As a parent, you do everything you can to keep your children safe and set them up for success. But there’s one threat many parents overlook: digital identity theft. Child identity theft is a growing problem that can have lasting consequences if left unchecked. That’s why during Data Privacy Week, consider taking steps to help prevent digital identity theft before it starts.
What is Child Identity Theft?
According to the FTC, child identity theft happens when someone uses a child’s sensitive personal information, such as their Social Security number or name, to access services or benefits, or commit financial fraud. Criminals use this personally identifiable information (PII) — whether it’s stolen from legal documents or through a data breach — to apply for government benefits, open a credit card account, apply for a loan, or sign up for a utility service.
The Lure of a Clean Credit Report
Javelin Strategy’s 2022 Child Identity Fraud Study found that child identity theft affected nearly 1 million children in 2022, costing families more than $1,000 per incident. The same study found that children under age 7 were most likely to fall victim to identity theft.
Because minors — which credit bureaus define as people aged 15 and younger — have clean credit files, their information is especially attractive to identity thieves who want to fraudulently apply for credit or a loan, or create a synthetic identity. This fraudulent activity can go undetected for years, leaving your child with damaged credit before they even become an adult.
The Rise of Synthetic Identity Fraud and Randomized Social Security Numbers
Prior to 2011, U.S. Social Security numbers (SSNs) followed a set convention with area numbers assigned geographically, middle group numbers alternating between odd and even, and serial numbers running consecutively.
The problem with this code was that it was in fact, crackable. A new assignment method was implemented in 2011 with numbers known as “randomized” SSNs. Unfortunately, these randomized SSNs are a favorite among criminals creating synthetic identities because institutions cannot verify the SSN of a person born or arriving in the U.S. after 2011 using their location or date of birth. Criminals then commit synthetic identity fraud by using these stolen SSNs to piece together a new consumer with a combination of real and fabricated information. These synthetic identities are then used as money mules to fuel fraudulent money movement or illegal activities.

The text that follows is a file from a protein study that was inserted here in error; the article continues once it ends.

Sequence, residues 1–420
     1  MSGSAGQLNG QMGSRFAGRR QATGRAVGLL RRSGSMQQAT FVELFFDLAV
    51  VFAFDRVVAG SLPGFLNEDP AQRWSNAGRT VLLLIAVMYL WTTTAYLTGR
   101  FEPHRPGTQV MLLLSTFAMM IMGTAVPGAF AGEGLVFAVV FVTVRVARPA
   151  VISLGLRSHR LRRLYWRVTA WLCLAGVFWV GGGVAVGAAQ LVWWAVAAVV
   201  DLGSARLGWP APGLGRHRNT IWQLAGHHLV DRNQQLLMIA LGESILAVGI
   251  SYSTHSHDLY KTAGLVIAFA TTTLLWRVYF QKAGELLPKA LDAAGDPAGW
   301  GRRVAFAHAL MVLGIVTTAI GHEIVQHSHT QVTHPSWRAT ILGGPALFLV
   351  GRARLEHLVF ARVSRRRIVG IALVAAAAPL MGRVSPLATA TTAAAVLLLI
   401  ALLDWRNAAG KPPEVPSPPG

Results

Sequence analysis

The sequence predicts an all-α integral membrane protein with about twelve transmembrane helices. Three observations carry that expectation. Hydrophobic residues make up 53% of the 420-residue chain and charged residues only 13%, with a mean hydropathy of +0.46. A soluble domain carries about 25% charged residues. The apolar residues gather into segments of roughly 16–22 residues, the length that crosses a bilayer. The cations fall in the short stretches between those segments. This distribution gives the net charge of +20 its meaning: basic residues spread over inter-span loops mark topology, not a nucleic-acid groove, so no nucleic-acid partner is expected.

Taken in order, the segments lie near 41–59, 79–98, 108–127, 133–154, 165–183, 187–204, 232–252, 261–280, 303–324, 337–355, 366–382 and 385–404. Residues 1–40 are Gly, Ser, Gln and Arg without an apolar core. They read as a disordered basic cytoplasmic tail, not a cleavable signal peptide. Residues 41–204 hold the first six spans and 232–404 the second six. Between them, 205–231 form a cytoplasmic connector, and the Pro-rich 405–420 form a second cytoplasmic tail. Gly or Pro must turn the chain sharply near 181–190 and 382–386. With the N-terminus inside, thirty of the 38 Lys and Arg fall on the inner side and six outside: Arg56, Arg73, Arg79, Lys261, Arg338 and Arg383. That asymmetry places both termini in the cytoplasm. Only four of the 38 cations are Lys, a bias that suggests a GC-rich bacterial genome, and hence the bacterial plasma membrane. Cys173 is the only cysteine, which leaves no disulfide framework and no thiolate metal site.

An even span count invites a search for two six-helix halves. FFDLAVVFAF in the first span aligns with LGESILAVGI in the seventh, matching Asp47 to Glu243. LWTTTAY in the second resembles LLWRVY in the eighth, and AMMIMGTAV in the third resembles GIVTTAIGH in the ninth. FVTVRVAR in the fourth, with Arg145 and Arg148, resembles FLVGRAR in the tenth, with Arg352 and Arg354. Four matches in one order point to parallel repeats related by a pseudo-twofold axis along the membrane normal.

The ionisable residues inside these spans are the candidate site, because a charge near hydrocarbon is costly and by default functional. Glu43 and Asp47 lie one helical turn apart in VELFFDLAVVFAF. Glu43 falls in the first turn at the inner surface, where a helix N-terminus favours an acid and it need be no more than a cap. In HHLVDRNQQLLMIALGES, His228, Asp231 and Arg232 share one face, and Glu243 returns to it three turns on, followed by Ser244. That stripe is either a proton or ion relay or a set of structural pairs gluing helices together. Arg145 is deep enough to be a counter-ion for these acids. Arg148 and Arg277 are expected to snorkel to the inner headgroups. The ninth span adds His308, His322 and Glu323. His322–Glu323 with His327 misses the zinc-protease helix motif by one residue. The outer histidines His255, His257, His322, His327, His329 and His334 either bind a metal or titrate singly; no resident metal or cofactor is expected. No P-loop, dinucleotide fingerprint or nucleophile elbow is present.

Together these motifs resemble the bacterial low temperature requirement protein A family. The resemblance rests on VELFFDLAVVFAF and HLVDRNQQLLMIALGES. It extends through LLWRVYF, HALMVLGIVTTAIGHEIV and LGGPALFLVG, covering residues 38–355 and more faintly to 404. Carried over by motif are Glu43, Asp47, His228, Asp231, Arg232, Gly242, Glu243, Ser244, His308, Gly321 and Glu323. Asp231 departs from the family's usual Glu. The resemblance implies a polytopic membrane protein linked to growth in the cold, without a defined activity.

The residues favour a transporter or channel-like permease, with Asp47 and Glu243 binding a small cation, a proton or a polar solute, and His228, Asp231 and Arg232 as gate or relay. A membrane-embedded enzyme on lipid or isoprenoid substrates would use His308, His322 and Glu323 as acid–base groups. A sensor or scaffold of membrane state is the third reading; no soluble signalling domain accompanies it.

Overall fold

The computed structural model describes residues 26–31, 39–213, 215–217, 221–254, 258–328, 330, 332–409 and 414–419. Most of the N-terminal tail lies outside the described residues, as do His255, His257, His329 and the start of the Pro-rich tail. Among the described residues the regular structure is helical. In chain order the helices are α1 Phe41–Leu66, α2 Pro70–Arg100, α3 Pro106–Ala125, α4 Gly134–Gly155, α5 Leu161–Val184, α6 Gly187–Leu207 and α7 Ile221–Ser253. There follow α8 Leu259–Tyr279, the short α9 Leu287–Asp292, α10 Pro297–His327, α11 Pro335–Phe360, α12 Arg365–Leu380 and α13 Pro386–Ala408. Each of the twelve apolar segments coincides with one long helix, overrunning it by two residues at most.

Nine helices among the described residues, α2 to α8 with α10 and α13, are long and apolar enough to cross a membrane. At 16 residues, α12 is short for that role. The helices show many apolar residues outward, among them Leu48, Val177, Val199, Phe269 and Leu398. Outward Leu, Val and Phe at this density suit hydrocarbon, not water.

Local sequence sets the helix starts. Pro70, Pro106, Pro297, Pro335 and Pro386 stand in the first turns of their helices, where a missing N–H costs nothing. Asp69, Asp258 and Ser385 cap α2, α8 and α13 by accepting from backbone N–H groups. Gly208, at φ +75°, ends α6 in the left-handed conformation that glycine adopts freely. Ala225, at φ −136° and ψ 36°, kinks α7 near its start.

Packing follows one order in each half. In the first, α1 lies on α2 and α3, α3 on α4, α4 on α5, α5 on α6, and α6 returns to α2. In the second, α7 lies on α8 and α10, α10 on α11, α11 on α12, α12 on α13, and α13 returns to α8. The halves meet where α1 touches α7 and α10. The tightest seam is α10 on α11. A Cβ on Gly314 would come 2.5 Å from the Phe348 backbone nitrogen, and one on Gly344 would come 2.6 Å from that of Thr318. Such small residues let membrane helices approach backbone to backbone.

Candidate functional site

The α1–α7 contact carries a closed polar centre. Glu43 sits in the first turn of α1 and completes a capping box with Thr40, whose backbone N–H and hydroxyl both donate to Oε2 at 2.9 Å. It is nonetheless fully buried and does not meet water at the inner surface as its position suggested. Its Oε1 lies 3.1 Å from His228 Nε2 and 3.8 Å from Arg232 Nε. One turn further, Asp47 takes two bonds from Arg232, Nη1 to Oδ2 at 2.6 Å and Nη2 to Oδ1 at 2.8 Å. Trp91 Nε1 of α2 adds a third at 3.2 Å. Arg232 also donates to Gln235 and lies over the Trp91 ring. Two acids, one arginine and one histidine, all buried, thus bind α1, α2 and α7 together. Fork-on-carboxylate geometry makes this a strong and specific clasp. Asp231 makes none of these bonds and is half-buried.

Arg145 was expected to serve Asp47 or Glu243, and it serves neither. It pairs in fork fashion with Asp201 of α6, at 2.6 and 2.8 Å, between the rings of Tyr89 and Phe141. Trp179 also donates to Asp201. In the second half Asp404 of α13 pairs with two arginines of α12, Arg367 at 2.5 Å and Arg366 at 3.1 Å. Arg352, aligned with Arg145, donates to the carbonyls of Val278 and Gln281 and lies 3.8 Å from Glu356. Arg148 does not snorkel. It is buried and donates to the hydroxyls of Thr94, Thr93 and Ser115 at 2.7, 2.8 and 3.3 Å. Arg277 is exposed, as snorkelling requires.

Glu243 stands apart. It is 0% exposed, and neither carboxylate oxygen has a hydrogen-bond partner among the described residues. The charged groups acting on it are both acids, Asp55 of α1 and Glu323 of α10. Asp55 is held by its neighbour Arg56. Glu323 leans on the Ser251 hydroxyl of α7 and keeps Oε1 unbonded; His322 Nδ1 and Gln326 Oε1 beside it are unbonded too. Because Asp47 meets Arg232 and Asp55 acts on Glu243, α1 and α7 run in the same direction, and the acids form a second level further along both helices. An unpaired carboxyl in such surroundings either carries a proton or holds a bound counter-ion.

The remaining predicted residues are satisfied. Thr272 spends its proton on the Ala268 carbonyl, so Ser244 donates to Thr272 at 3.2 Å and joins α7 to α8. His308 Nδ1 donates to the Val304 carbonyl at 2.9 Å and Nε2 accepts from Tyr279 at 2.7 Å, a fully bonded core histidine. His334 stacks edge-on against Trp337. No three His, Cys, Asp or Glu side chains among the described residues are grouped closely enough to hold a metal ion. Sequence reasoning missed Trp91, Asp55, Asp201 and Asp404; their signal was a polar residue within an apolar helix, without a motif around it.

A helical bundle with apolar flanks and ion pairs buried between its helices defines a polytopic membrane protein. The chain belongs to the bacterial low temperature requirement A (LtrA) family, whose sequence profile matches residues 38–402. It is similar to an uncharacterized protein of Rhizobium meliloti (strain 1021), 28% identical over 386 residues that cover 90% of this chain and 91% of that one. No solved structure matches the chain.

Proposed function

Stop Digital Identity Theft Before It Starts
The best way to get ahead of the fraudsters? Freeze your child’s credit as soon as possible.
Since credit bureaus don’t usually have credit reports for minors age 15 and under, you can request they create a file and then immediately freeze it. This stops thieves from being able to open new credit accounts in your child’s name.
To request a credit freeze for a minor age 15 and under, make paper copies of the following documents:
- Your child’s birth certificate, or other proof of your guardianship such as a court order, valid power of attorney, or a foster care certification
- Your child’s Social Security card
- Your birth certificate, government issued identification card such as a driver’s license, or your Social Security card
- Proof of address, such as a utility bill or insurance statement
Each bureau has slightly different requirements, but the above documents will cover your bases for each one.
Fill out the unique form for each of the three major credit bureaus — Equifax, Experian, and TransUnion — and mail the form along with a copy of each of the above documents to the bureaus. Within a few weeks, you’ll receive confirmation that a credit freeze has been implemented, along with instructions to unfreeze credit when the time comes — be sure to save this information, ideally in a fire-proof safe or a digital password management service.
Aside from credit freezes, here are a few other ways to protect your child’s identity:
- Closely monitor your child’s personal information and limit who has access to it. Does that school form really require their full Social Security number? If so, confirm how it will be protected, or if you can provide an alternate identifier or just the last four digits.
- Shred documents with personal information before throwing them out.
- Talk to your child early and often about online safety and being careful about sharing private information online. Don’t over-post about them on social media.
- Keep an eye out for suspicious activity like credit card offers arriving for your child. This could signal that their identity has already been compromised.
Safeguard Your Child’s Future
Child identity theft often goes unnoticed for years and can seriously impact your child’s future. But there are steps you can take to detect and prevent it. If you suspect that your child has been victimized, organizations like the Identity Theft Resource Center offer helpful resources.
Don’t wait — take action to freeze your child’s credit and monitor their information for red flags. Their future selves will thank you.
To learn more about how Socure roots out synthetic identity fraud, download our report here.
Brittany Geronimo is the Director of Content Marketing and Strategy at Socure. With more than 10 years of experience in cybersecurity and financial services at companies like Optiv and NICE Actimize, Brittany builds marketing strategies centered around engaging content that elevates brand voice and connects with an organization's audience.